Crime is a logical extension of the sort of behavior that often [is] considered perfectly respectable in legitimate business.
In prisons, those things withheld from and denied to the prisoner become precisely what he wants most of all.
One of the many lessons that one learns in prison is, that things are what they are and will be what they will be.
A Sunday school is a prison in which children do penance for the evil conscience of their parents.
There are dreadful punishments enacted against thieves; but it were much better to make such good provisions, by which every man might be put in a method how to live, and so to be preserved from the fatal necessity of stealing and dying for it.
Money will determine whether the accused goes to prison or walks out of the courtroom a free man.
Adversities such as being homeless and going to prison has made many people stronger.
If we were brought to trial for the crimes we have committed against ourselves, few would escape the gallows.
Civilization is maintained by a very few people in a small number of places and we need only some bombs and a few prisons to blot it out altogether.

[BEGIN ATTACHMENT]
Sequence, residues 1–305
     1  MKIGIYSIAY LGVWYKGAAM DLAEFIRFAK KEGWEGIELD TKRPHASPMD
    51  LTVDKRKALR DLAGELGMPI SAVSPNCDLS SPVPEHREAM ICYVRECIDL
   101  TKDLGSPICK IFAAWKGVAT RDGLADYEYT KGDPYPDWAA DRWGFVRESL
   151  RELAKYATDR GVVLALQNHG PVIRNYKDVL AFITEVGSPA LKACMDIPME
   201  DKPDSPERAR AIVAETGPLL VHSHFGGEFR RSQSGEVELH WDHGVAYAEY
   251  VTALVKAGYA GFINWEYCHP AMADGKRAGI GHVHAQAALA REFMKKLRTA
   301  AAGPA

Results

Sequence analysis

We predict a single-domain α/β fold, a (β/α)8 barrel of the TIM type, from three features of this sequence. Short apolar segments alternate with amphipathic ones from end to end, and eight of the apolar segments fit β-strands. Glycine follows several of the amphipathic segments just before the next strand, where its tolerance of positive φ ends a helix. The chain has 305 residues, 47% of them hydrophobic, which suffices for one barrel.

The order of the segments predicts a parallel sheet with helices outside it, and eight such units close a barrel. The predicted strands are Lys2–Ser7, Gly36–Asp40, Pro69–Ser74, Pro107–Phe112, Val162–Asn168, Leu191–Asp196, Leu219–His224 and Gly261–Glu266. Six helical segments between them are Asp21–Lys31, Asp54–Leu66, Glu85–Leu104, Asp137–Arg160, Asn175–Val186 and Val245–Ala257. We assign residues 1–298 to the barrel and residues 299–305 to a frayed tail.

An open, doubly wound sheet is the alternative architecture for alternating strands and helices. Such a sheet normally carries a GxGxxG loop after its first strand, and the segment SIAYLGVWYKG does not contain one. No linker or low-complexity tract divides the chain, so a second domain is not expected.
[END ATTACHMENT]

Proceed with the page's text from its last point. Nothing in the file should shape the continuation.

Intellectual despair results in neither weakness nor dreams, but in violence. It is only a matter of knowing how to give vent to one's rage; whether one only wants to wander like madmen around prisons, or whether one wants to overturn them.
Those magistrates who can prevent crime, and do not, in effect encourage it.
We don't seem to be able to check crime, so why not legalize it and then tax it out of business.
On a planet that increasingly resembles one huge Maximum Security prison, the only intelligent choice is to plan a jail break.
I have paid no poll-tax for six years. I was put into a jail once on this account, for one night; and, as I stood considering the walls of solid stone, I could not help being struck with the foolishness of that institution which treated me as if I were mere flesh and blood and bones, to be locked up...I saw that, if there was a wall of stone between me and my townsmen, there was a still more difficult one to climb or break through, before they could get to be as free as I was.
I sometimes wish that people would put a little more emphasis upon the observance of the law than they do upon its enforcement.
Whatever you think of de Sade, he was a complex figure and we should not look for easy answers with him. He was, strangely perhaps, against the death penalty, and he was never put in prison for murders or anything like that.
Here the great art lies, to discern in what the law is to be to restraint and punishment, and in what things persuasion only is to work.